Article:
What Are Fixed, Adjustable, and Balloon Mortgages?

Of the three mortgage types – fixed, adjustable, and balloon (all of which I can offer you) – the most familiar is probably the fixed rate loan.

With a fixed rate loan, your mortgage payment is the same each month, excluding taxes and insurance, throughout the life of the loan.

The ARM, or adjustable rate mortgage, has an initial fixed rate period and then becomes subject to change based on whatever economic indicator it is tied to.

The third type, the balloon loan, is a little bit different from the fixed rate loan and the ARM. The rate is fixed through the balloon period, which can be between three and 10 years. That’s simple enough so far.

But there’s a twist: At the end of the balloon period, the entire remaining balance of the loan is due to the lender.

At this point, if you are still living in the property, one option is simply to refinance the loan.

So why would anybody ever want a balloon loan?

Let me explain.

Just as with other types of loans, there are pluses and minuses to a balloon mortgage.

The plus side is that you can get a balloon loan at a lower rate than you can get a traditional 30-year fixed rate loan, which means you’ll have lower payments.

The minus side is that at the end of the balloon period, when you are in the position of having to refinance, you are subject to whatever interest rates are available at that time.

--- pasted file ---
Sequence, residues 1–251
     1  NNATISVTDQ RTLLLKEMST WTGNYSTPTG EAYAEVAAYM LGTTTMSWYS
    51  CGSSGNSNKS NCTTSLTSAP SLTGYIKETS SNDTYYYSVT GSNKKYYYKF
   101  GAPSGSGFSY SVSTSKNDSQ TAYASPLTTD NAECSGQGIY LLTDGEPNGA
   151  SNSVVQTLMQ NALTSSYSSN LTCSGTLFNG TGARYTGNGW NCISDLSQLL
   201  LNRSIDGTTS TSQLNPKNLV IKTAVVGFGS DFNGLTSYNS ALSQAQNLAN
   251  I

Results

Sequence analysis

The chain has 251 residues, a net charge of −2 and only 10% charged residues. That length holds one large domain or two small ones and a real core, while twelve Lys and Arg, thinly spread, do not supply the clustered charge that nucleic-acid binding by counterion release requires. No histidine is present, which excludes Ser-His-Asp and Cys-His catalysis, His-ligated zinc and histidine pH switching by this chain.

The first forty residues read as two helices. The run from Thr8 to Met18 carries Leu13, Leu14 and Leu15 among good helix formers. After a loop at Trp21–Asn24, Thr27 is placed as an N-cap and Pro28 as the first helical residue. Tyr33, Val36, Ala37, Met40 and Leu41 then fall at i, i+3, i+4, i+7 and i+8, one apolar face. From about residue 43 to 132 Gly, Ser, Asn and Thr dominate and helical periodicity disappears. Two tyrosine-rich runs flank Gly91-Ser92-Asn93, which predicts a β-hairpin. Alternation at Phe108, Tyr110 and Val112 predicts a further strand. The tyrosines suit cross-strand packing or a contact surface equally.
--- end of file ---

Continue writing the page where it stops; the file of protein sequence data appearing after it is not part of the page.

The new rates could be lower or higher than what you were previously paying. Nobody knows, especially three to 10 years out.

For this reason, this is a great option to explore if you’re planning to finance a home and are absolutely sure that you are going to be out of the property before the balloon period ends.

Is this a good choice for you? Give me a call, and we can review your options.

Do Lenders Know Where Interest Rates Are Going?

The short answer to this question is that nobody, including mortgage professionals like me, can predict where interest rates are going. Any lenders who tell you that they can predict this are misinforming you and should be avoided at all costs.

The fact is, in our age of instant information, consumers and mortgage professionals typically have access to the same market information.

What factors should we consider as we review this information? Interest rate fluctuations can occur due to both domestic and foreign activity. US sources of rate changes may include the revelation of some key economic statistic such as job reports, or changes made to interest rates by the Federal Reserve Board.

Foreign influences may include wartime events such as invasions, or other destabilizing events such as impacts on oil supplies.

Part of the challenge in all of this is that buyers who are in the process of purchasing a home only have a short window in which to lock in a rate. Buyers want to know, on a daily basis, what rates are doing, and they can look to their lender for direction. But at the end of the day, this is the buyer’s decision alone. Since no one can say for certain where rates are headed, if buyers have access to a good rate, it could be a good time to jump on the opportunity.

It’s also important to note that many lenders allow buyers to lock in a rate only once they are approved. Why? It’s costly for lenders to lock in a rate for buyers when there is still some question as to their ability to qualify.

To lock in a rate as soon as possible, buyers should submit any requested information and documents as quickly as they can. By working with us to keep things moving, buyers can enjoy a smoother transaction.